Has Extensive History
In the year 3000 B.C., in a land known as Scandinavia,
humans first glided across snow on boards. They had discovered a better
means of transportation — which we know today as cross country skiing.
In the beginning, cross country skis were just a crude
adaptation of the snowshoe. People soon discovered, however, that by
pushing off with a pole while on skis, it was possible to go faster and
farther. In the late 1500s, Finnish Lapp skiers were using 9- to 11-foot
skis, which glided with the help of a single, long, pushing pole.
In 1520, Gustavas Vasa skied 51 miles from Salan to
Mora, Sweden, to lead his countrymen to freedom against the Danish King,
Christian II. Today the Vasaloppet Race is an annual event in Sweden and
follows the exact same route as Vasa did.
The late Middle Ages saw important advancements in
cross country skiing. Hills and valleys, crevices and precipices, soft
snow, and hard snow have all influenced the development of equipment.
Whereas the long pole in Finland worked well on relatively flat surfaces,
the Norwegians developed baskets on the ends of their poles so as not to
sink into the soft deep snow. The Finns and Swedes built poles to contend
with crusted and windblown conditions. In Austria, the pole was used as a
brake while descending hills.
In the 19th century, the concept of braking was
popularized in America by John “Snowshoe” Thompson, who skied over the
Sierra Nevada Mountains to deliver mail in 1856. He accomplished the
90-mile journey in an average of three days and continued to deliver mail
this way for 20 years.
The late 1800s saw the beginning of a new development
in cross country skiing — it became a recreational activity. This occurred
with the invention of the first binding by Sondre Norheim of Telemark,
Norway. The binding allowed people to maneuver their skis with much more
control. It was mainly due to binding and boot development that alpine and
nordic skiing took different paths. Alpine boots were attached to the ski
at the heel, and nordic boots were free of the ski at the heel. In the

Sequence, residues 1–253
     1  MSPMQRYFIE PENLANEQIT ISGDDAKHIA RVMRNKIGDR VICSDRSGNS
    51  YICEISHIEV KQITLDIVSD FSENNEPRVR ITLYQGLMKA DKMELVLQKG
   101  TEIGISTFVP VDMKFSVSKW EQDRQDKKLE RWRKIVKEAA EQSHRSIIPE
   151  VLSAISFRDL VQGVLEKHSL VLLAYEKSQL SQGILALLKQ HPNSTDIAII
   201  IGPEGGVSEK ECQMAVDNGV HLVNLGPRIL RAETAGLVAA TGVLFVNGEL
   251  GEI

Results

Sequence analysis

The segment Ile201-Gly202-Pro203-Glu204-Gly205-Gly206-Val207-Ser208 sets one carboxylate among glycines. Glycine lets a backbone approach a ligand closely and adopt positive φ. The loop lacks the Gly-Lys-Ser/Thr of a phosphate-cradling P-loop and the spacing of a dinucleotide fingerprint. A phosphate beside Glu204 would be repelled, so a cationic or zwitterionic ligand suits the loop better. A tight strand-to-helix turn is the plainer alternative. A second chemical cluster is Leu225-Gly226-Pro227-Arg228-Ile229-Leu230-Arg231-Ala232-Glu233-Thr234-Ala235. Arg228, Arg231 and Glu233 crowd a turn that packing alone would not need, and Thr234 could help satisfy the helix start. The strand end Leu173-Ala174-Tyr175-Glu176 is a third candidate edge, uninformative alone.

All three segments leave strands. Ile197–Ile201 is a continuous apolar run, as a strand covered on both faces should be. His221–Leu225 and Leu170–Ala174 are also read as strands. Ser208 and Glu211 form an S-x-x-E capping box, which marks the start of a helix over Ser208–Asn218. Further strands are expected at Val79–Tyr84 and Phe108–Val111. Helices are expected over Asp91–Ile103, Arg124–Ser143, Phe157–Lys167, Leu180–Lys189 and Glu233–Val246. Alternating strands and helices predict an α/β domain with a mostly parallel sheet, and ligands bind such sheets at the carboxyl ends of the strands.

1930s, when alpine skiing became an Olympic event, the split was complete.
The 1920s and 1930s saw further evolution in cross
country skiing binding techniques, and the use of two poles increased in
popularity. In the Alps, shorter poles or “Swagger Sticks” were used for
going uphill, while the Finns and Swedes developed long poles with curved
spikes at the ends to better negotiate the flat, windblown, snowy terrain
of their homelands.
The outbreak of World War II called for armed
battalions on skis. The 10th Mountain Division of the U.S. Army trained
15,000 men for action in the Italian Dolomites in 1945. They underwent
specific training in skiing, mountaineering, and alpine survival
techniques at Camp Hale in Colorado. Today, the 10th Mountain Division
Trail in Colorado is a memorial to those men who served.
It wasn’t until 1968 that the Trapp Family Lodge in
Stowe, VT, introduced the concept of a “cross country ski area.” The sport
was still unrefined. The skis were wood, the boots leather, the poles
bamboo, and the clothing consisted of wool or blue jeans. It was not a
sport for the pampered and coddled. Trail grooming or maintenance, if any,
was done by snowmobile and homemade tracksetters.
Today, cross country skiing is much different. The
sport has several million adherents, of which a little more than half are
female. As an activity, nordic skiing is family-oriented and appeals to
people in their late 30s and beyond.
Extensive trail grooming is done at most cross country
ski centers, and many have introduced skating-only lanes which are
specifically groomed flat for cross country skiers enabling them to push
the skis to the side and glide, much like ice skating. Many facilities
offer the best of amenities from health clubs, sleigh rides, and guided
tours, to gourmet meals.
A recent revolution in equipment has brought to the
marketplace shorter, wider skis which are more manageable; boots that are
comfortable, functional, and colorful; and stylish clothing made from the
technologically advanced fabrics.
“Nothing hardens the muscles and makes the body so
strong and elastic,” wrote Fridtjof Nansen, the Norwegian Arctic explorer
who traveled across Greenland on cross country skis. “Nothing gives better
presence of mind and nimbleness; nothing steels the will power and
freshens the mind as cross country skiing. This is something that develops
not only the body but also the soul — it has a far deeper meaning for
people than many are aware of.”
Written in 1890, these words still hold true today in a
much faster paced world.